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What to Know About Video Submissions or Video Interviews at Top Colleges

Close-up of woman with long brown hair holding an iPad and touching its screen

In recent years, more and more colleges have introduced an additional, often optional component to their applications: a short introductory video. Although this option is not nearly as widespread as the more typical essay requirement, schools including Brown, Bowdoin, George Mason, Tufts, the University of Chicago, and Washington University in St. Louis all give students the option to submit a short video with their application. More are sure to follow.

What are colleges seeking in these videos? According to admissions officers, what they want most of all is to see authenticity, spontaneity, and honesty. Most of the instructions encourage students to speak directly into the camera and not worry about doing anything fancy with their editing or production. Of course, if that’s something you enjoy doing, it’s also fine to submit something a little more polished at most places! But if you would rather just approach it simply (which some schools, like Bowdoin, require), that will be effective and impactful, too.

Why are colleges adding this option? As usual, there are a variety of reasons! For some, it’s partly practical; Brown University, for instance, has seen such a massive rise in their application numbers that they had to phase out alumni interviewing, and they added the video submission option as a replacement. It’s also a good way for students who don’t have any alumni in their area or who can’t make it to campus for an in-person interview to reveal their personality and passions to admissions officers.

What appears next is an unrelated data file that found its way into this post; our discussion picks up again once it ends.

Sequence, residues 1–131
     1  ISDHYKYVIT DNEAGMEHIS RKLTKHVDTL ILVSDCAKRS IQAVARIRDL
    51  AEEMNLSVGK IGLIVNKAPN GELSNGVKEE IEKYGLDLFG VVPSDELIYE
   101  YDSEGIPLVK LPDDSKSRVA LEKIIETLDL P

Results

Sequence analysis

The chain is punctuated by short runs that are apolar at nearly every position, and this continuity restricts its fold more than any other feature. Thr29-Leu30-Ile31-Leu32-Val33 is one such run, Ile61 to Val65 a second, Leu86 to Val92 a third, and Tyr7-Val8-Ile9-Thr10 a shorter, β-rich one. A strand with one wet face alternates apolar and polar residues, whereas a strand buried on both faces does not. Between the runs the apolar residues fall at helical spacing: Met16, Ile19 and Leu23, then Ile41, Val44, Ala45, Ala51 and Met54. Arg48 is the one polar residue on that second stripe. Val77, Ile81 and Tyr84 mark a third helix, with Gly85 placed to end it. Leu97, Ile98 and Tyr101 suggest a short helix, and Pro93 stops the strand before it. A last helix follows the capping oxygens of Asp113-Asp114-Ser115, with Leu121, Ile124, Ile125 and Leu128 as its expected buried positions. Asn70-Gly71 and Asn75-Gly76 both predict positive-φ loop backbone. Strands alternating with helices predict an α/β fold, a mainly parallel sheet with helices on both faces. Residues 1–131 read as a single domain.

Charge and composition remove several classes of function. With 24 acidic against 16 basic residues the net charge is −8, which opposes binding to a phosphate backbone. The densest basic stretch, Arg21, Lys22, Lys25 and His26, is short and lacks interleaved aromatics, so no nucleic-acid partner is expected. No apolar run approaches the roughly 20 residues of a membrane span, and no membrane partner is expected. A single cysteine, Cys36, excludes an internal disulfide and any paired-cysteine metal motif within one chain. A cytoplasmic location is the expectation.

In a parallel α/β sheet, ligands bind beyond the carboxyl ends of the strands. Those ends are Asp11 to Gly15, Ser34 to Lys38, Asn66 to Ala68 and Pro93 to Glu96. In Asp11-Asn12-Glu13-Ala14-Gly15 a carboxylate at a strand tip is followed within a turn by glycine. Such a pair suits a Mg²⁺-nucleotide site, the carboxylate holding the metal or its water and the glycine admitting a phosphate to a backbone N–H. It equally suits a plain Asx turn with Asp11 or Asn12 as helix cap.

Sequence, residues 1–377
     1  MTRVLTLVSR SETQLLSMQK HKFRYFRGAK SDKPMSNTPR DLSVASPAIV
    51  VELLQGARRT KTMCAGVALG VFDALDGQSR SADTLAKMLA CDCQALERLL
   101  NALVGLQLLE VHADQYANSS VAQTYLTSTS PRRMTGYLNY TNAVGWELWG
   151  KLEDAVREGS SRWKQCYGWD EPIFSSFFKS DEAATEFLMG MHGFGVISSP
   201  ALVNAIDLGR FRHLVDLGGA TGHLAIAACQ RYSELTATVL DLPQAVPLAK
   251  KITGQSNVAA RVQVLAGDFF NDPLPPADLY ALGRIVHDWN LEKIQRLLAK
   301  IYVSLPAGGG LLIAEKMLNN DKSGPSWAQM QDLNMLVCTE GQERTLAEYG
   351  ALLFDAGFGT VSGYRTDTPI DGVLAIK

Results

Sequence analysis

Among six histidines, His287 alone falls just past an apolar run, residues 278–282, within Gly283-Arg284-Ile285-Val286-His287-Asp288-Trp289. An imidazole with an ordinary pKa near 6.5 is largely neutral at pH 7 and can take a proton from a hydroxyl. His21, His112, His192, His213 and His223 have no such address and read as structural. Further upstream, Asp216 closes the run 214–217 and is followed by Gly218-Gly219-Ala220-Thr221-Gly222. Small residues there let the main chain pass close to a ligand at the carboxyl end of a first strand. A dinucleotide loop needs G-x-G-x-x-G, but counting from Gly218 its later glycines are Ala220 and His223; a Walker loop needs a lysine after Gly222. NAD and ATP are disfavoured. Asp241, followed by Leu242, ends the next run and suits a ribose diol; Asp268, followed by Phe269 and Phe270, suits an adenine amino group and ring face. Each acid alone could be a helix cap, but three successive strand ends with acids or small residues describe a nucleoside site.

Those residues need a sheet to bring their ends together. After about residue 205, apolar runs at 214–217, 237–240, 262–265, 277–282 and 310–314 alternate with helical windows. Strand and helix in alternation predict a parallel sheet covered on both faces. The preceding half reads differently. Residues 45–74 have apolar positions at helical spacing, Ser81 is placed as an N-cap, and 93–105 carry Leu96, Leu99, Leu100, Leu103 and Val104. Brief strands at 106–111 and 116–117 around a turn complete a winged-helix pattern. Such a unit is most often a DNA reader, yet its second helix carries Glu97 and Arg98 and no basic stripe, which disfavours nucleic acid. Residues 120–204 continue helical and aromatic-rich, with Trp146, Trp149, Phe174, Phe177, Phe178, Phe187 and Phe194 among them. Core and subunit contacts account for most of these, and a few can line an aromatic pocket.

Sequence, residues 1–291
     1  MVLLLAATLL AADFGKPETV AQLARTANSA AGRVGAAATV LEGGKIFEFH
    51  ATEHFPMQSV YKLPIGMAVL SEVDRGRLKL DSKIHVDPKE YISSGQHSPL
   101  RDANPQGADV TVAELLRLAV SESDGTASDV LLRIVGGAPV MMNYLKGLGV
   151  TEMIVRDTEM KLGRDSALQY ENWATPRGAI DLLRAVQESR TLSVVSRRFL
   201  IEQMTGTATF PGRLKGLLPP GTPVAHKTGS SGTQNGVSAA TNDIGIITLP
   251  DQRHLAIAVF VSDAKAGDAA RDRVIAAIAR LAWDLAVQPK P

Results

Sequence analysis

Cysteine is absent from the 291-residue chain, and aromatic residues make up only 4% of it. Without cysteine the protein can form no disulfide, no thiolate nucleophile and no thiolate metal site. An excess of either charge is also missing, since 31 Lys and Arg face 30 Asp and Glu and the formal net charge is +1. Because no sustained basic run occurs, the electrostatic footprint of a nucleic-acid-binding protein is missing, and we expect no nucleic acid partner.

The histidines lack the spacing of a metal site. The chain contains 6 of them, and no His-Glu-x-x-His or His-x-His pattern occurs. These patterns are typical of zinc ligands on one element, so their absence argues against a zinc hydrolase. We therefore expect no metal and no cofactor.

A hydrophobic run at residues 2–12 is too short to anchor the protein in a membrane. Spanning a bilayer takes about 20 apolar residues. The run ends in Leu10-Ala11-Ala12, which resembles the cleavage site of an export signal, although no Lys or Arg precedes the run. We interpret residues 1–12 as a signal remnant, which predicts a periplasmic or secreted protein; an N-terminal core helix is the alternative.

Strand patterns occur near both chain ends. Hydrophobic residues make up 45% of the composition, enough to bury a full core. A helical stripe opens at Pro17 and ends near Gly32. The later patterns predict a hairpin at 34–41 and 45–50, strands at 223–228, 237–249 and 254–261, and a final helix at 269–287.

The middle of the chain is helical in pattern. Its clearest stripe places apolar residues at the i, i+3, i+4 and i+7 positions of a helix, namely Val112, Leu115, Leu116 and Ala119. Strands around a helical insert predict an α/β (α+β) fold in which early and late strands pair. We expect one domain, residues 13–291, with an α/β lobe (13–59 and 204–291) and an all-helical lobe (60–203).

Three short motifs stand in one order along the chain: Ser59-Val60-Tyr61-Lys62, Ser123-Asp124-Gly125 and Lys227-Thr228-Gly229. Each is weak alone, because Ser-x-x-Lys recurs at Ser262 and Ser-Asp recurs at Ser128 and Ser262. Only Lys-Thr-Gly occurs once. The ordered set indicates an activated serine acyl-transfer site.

Additionally, many colleges like that a video gives them a different view of each student. Colleges can learn a lot about applicants from their essays, but seeing applicants’ faces, voices, and demeanors adds another valuable shade to admissions officers’ sense of who these students are and what makes them tick! Plus, colleges appreciate that these videos can be a fun and less-formal space for students to talk about something important to them that might not have fit into an application essay, where the prompts don’t always allow for a ton of creativity.

Finally, another appealing aspect of these videos is that colleges can hear from students in a more direct and straightforward way than through their essays, which applicants have a long time to work on and which other people can help them to perfect. What admissions officers want most of all is a chance to witness a student’s authentic self, interests, and goals, and many are finding that a video response or submission helps them get at that authenticity most effectively.

Although these videos are generally optional, for now, colleges that offer them tend to strongly encourage them, so we definitely recommend providing one if you’re applying to one of these schools! And of course, if you want any advice on how to do so, please reach out.

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